3. Keep “old faithfuls” in the deep freeze. My freezer is stocked with frozen edamame, cut spinach, cut bell peppers and even dried mushrooms. I use these to supplement fresh ingredients in almost every dish I make. Because I do a little stocking up from time to time, I can get better deals (like those 10/$10 sales that don’t apply to single items) and I know I always have certain things around if/when I need them. (Frozen veggies, defrosted and lightly salted, also make excellent work-ready snacks.) Just get the plain veggies or veg mixes – avoid the stuff with the sauces and seasonings. It’s also getting easier to find frozen chopped herbs in the freezer section as well, from companies like Sabra and Dorot, for cilantro, basil and even garlic (although, I’ll freely admit to using the jarred crushed garlic from Trader Joe’s).

4. Cheat on your veggie broth. Unless it’s late summer and I’ve had an enormous amount of veggie scraps to use in homemade vegetable broth, I don’t typically keep cartons of the stuff on hand. It’s pricey and takes up valuable fridge real estate. So, I use Better than Boullion which is a concentrate paste/goo that tastes divine. Mixing 1 tsp of the concentrate with 1 cup of hot water gives you 1 cup of veg broth – but I sometimes add the concentrate straight to soups and sauces just for the flavor. Plus, one jar costs $5-6 and is equivalent to 9 1/2 quarts of vegetable broth. Can’t beat that with a stick.

5. Stir fry is your friend. No matter what’s in your fridge – fresh veg, leftover lentils, scraps of lettuce, rice or other random things – chances are, you can throw it all together with a little soy sauce and garlic and call it supper. If you really wanna kick it up a notch, add some curry paste and coconut milk and go all out. Pair with rice, quinoa, pasta, naan or flatbread of your choice and you’re all set. And chances are, you’ll have leftovers for lunch the next day.

No matter how little time or energy you have to prepare your meals, these tips will help you stretch it into forever. Another tip that is just as great but just doesn’t quite make my Top 5 is using your free time to its utmost. Got a spare hour on Sunday afternoon, maybe while the laundry is going? Make up a batch of my vegan pizza dough (or two), divide and freeze it to become pizza one night and naan for another, or even cinnamon rolls on Saturday morning. Doing a little extra prep work when you have the time can make those super busy weeknights an easy-peasy breeze. And you don’t have to take it from me – try it yourself. If you still can’t make it work, get in touch with me and I’ll be happy to give you even more free advice. Whatever it takes to get more good eats on your table, I’m there.

As a writer and fervent note-taker and list-maker, I ❤ Moleskine like nobody’s business. And it just so happens that Foodista, Seattle-based food blog extraordinaire (although not 100% vegan) is one of my hands-down faves. I’m super thrilled to learn that the two have joined forces to present the Passed Down Recipes Contest, running through March 31.

Why, you say, that’s only 3 days away! Well, March has been a busy month and I’ll readily admit to falling behind a bit on my Google Reader duties. This morning, I was finally able to catch myself up to speed on all my favorite blogs, so I’m just learning about the contest myself. Trust me, folks, I would have shared it sooner if I’d known about it!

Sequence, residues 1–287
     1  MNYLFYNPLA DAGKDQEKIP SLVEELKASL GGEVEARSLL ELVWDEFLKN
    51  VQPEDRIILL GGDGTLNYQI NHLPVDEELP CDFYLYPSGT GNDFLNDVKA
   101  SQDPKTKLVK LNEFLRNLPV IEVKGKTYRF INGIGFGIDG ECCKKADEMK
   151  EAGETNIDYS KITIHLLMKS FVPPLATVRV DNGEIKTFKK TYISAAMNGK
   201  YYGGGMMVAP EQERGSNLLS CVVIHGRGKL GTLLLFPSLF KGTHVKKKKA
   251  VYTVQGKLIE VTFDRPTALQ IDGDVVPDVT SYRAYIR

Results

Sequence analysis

The skinny is this: Become a (free) registered user of (totally worth it) and enter your favorite family recipe in the contest for a chance to win a a suite of Moleskine products, including their snazzy new recipe journal that I want so badly I can almost taste. Yum.

So, dust off those family recipe cards and binders and get to work, folks!

I love polenta and I love breakfast-for-dinner. This week, the two were an obvious combination. I tackled a motley crew of veggies from the fridge and invited them to the party. This is the kind of dish intended to use up the lonely random veg hiding in your crisper, and it doesn’t matter what combination you use. Success is guaranteed.

Polenta & Veg in Garlic Cream Sauce
Yield: 2-3 servings

2/3 cup quick cooking polenta
2 cups water
4 cups assorted fresh veg (I used red onion, broccoli, yellow pepper, mushrooms and sweet corn kernels)
1/4 cup lemon juice
1 cup veg broth, divided
1 tsp dried basil
1 tsp dried oregano
fresh ground black pepper
1 recipe garlic cream sauce (below)

Garlic Cream Sauce
(You might recognize the basic sauce from this recipe)

1 Tbsp Earth Balance vegan butter sticks
1 Tbsp all-purpose flour
1/2 cup plain unsweetened almond or other non-dairy milk
1/2 tsp salt
1 tsp granulated garlic

For the polenta:
In a medium saucepan, boil 2 cups water. Reduce heat to low and add polenta, stirring to thoroughly soak. Continue to stir for several minutes over low heat until polenta begins to thicken. When it’s about half as thick as you want it to be, remove it from the heat, cover the saucepan, and set it aside.

For the veg:
In a nonstick or cast iron skillet, heat lemon juice and 1/4 cup veg broth over medium heat. Add all the veg at once and cover. Allow to cook several minutes while you make the garlic cream sauce (see below).

After your cream sauce is complete, it’s all about finishing up that veg. Stir with a wooden spoon and scrape any browned bits off the bottom of your skillet. (Yum!) Add 1/2 cup veg broth, basil and oregano. Stir to coat the veg and continue to cook uncovered until the liquid is almost gone. Add the final 1/4 cup veg broth and reduce heat to medium-low. Add pepper to taste.

For the garlic cream sauce:
In a small saucepan, melt margarine. Sprinkle in flour and stir with a whisk to combine. Cook over low heat until the mixture begins to pick up some color. Add all of the milk, salt, and garlic. Stir to combine and increase heat to medium. Cook for 3-4 minutes, stirring occasionally, until the sauce begins to thicken. Once it has reached the consistency you like, remove it from the heat and set aside.

To finish:
This meal can be served in a bowl or on a plate, depending on your preference. Whatever your vessel, spoon the polenta on the bottom, top with veg and spoon the garlic cream sauce over the lot. If you like a lot of sauce, you may want to double the cream sauce recipe.

Want to get in touch with me? E-mail cat @